Just a short followup to our in-class discussion of Matt Jockers’s Macroanalysis. Not surprisingly, much of Jockers’s general message was preaching to the converted, given that we’re all here as volunteers interested in the digital humanities. Not surprisingly, much of what we had to say in terms of general appreciation, statistical methodology, presentation, and so forth has been covered in the blogosphere in one place or another or another or another. But still, there were some intriguing challenges and questions, both in terms of the DH methodology and in terms of the literary analysis. One area in particular bridged the two: the consideration of literature as part of the culture industry.
First, the disclaimer. Overall, we were all very impressed by the sustained case Jockers made both for his use of quantitative tools in general and the specific uses to which he put those tools. There’s still some convincing to be done. One of his central claims is that we see more by “looking” at a larger data set than any one person could read. No arguments there.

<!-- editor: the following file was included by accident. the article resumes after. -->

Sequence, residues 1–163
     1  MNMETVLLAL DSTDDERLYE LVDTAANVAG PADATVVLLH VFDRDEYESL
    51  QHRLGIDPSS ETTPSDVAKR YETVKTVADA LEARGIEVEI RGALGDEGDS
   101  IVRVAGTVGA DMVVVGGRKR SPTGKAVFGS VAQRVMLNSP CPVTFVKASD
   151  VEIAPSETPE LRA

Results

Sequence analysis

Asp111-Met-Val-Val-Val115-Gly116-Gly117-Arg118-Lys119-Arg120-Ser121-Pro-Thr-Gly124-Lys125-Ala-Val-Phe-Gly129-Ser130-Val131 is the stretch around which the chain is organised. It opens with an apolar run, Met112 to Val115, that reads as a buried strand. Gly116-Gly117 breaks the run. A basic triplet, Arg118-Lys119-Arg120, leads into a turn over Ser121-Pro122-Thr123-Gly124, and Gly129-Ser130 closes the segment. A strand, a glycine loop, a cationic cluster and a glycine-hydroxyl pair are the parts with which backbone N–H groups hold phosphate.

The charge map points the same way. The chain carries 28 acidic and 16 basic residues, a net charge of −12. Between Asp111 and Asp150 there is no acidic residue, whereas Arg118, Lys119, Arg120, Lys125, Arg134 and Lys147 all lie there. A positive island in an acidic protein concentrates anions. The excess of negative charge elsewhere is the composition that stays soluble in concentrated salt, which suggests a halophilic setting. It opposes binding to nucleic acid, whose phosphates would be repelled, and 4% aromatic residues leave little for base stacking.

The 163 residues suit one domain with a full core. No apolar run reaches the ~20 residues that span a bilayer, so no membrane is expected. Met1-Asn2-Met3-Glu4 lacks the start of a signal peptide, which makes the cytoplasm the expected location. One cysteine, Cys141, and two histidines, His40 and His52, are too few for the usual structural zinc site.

That said, Jockers demonstrated by examining Charles Fanning’s claim that there was a sudden dearth of Irish-American writing (Irish in America, writing about Irish-American experiences) in the 1910s and 1920s. By looking at a large dataset, rather than relying on his own reading, as Fanning had done, Jockers showed that in fact there was not a drop-off overall, but only among those Irish writing in the eastern United States. That’s an important finding. But I wonder: was Fanning’s failure to see the same thing because he could only read so many books, that is, because he relied only on his human faculties rather than computer-aided number-crunching, or just a blind spot, or just an accident of what archives he had access to? In other words, was it because of the difference between close reading and distant reading, or could/did that blind spot be a symptom of other factors not necessarily related to those different ways of analyzing literature? I’m inclined to believe Jockers’s overall conclusions that there was not a dearth of Irish-American writing in the 1910s and 1920s, but I’m not sure that his conclusion necessarily makes an iron-clad case for his methodology in this case.